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Jo h n No r t o n Upper School Art: 1983-2016

A great thing about school is the constant replenishment. Of kids, certainly, as a wave of seniors move out and a fresh wave of innocence and eagerness washes in. But faculty as well. New people come in, replacing those moving on and as the new faculty learn how things are done, they also challenge, they question, they proffer new approaches and new ideas. [As a sidebar, I think new faculty (by which I mean everyone at the School younger than 55) don’t challenge the institution as much as they should, but that’s a topic for another time….] The renewal is vital. It keeps schools healthy and evolving. But when a teacher of 30-years’ standing retires, it is incumbent on each of us who remain to take note of what particulars that person has brought to the lives of our kids. In John’s case, an open, giving heart, a passion for art and for education, optimism, enthusiasm, and generosity of spirit. He loved kids in the way you are supposed to love kids. If each of us took those qualities and ramped them up just 5 percent in each of our classes, John’s retirement would be felt not as loss, but as one more gift to kids. John gave me a gift I’ve not yet thanked him for. Years ago we were engaged in a conversation. I can’t remember the topic or how many people were involved. But the topic was an important one, and the gist was a little grousing about whether the School would actually change for the better. Feelings, with an edge of cynicism, were high. Suddenly, John stood up and silenced us all with “Listen, this School can do it. If it decides it wants to do something it can do it. When I started here it wanted the arts to be an equal partner. And then it wanted there to be more than one faculty member of color. We might not be totally satisfied with how far we’ve come with either of those things but we’re a lot closer to getting there than we were.” And John walked out. For me, personally, that was John’s finest hour. He was absolutely right. He was inspiring; passion, commitment, optimism, and recognizing change for the better when it happens. In a list of so many things, thank you, especially, John, for that.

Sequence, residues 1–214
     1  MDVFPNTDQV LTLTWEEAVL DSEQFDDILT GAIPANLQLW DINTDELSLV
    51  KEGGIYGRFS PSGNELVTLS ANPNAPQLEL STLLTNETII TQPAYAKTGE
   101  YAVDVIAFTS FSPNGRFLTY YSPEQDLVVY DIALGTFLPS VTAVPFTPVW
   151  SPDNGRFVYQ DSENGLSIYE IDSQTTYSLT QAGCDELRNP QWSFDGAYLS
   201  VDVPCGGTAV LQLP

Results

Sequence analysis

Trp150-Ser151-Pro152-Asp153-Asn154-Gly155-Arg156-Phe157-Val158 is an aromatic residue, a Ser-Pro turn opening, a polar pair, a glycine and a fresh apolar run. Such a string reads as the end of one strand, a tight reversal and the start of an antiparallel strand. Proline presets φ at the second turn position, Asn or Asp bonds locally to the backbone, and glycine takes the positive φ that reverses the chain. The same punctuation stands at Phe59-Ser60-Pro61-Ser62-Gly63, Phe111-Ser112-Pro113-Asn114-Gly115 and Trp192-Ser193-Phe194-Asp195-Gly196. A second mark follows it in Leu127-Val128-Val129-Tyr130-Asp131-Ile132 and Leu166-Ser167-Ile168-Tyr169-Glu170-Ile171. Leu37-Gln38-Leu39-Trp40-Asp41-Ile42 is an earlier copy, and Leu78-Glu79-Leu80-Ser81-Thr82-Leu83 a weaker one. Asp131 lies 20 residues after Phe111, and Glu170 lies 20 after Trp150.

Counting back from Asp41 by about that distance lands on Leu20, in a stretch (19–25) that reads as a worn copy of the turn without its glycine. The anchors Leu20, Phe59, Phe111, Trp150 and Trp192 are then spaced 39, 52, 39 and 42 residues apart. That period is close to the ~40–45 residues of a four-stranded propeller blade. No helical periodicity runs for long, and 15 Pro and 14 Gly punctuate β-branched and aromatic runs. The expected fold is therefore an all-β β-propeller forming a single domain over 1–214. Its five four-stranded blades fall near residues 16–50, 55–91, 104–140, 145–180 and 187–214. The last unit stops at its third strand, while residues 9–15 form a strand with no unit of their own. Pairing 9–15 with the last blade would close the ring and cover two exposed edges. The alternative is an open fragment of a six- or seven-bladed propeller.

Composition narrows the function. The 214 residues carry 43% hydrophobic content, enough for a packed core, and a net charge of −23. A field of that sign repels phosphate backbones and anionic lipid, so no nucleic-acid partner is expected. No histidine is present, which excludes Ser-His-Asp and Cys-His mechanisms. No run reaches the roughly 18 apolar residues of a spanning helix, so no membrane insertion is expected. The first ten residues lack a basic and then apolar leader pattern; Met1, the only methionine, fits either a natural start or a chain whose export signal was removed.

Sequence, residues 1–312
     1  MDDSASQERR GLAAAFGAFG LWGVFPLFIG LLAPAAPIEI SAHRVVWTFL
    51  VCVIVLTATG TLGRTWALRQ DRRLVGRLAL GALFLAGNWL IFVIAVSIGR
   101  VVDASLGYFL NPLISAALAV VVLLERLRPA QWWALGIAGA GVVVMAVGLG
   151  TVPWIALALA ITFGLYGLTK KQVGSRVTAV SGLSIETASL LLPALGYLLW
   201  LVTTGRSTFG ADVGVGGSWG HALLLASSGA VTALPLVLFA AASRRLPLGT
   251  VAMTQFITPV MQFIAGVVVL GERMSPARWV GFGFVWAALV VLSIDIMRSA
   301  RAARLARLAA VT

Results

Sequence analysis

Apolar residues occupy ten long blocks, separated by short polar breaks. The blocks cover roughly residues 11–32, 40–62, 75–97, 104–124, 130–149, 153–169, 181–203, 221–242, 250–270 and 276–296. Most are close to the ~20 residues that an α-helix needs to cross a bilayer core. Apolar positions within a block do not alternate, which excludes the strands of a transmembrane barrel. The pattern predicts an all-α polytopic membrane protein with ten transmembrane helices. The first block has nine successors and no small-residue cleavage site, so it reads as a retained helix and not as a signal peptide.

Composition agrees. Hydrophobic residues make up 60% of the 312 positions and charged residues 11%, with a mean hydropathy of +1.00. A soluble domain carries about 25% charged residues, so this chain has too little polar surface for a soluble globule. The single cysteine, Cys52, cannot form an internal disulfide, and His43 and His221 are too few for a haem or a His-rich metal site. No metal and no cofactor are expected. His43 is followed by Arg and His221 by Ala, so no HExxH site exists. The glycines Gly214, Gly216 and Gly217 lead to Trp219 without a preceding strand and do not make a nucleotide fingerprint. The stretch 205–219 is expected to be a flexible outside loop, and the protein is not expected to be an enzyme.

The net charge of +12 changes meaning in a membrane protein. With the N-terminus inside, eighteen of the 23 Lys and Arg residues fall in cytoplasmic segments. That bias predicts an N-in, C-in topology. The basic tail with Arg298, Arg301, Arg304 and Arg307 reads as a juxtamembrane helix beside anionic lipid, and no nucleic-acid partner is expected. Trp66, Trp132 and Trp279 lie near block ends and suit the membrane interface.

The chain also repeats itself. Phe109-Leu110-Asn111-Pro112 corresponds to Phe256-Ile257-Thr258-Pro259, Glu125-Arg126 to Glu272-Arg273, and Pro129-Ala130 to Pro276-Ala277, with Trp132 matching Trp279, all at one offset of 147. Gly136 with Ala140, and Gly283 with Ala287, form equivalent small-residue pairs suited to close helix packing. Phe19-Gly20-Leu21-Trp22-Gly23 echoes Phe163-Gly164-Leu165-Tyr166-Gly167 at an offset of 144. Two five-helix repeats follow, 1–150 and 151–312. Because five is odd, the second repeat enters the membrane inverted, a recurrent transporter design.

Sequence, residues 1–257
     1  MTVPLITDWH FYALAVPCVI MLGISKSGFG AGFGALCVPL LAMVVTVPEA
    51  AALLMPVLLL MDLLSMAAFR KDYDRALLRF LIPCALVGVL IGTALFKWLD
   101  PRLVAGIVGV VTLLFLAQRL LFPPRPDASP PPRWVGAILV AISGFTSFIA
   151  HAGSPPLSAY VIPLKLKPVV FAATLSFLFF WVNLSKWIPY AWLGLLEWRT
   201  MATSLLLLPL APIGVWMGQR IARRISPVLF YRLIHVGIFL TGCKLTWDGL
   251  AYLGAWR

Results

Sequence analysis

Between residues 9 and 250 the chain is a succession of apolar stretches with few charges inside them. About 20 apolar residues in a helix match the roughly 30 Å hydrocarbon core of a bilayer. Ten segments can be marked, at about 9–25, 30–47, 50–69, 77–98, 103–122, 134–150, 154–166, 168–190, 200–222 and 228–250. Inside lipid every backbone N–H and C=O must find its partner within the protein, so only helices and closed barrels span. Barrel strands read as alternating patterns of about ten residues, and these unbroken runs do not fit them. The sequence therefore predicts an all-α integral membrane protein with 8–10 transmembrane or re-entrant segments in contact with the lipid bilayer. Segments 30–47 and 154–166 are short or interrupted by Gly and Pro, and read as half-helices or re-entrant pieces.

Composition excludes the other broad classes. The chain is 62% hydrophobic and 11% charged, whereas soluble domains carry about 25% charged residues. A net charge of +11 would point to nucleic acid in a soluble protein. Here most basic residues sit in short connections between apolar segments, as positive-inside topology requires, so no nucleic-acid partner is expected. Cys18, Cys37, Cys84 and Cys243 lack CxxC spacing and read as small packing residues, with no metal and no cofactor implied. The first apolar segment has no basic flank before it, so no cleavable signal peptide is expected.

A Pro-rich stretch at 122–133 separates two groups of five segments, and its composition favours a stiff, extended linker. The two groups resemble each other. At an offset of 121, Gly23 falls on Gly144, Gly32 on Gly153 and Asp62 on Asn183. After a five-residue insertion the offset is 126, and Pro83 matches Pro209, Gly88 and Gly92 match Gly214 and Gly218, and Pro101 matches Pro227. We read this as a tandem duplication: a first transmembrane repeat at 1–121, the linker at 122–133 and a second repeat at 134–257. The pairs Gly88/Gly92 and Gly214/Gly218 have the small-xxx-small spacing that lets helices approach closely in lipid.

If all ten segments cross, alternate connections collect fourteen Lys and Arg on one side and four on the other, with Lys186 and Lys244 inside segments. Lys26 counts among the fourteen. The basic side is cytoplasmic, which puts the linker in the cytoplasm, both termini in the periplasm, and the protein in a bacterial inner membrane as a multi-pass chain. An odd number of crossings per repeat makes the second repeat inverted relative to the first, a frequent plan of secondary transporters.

BB&N Bulletin Summer 2016  
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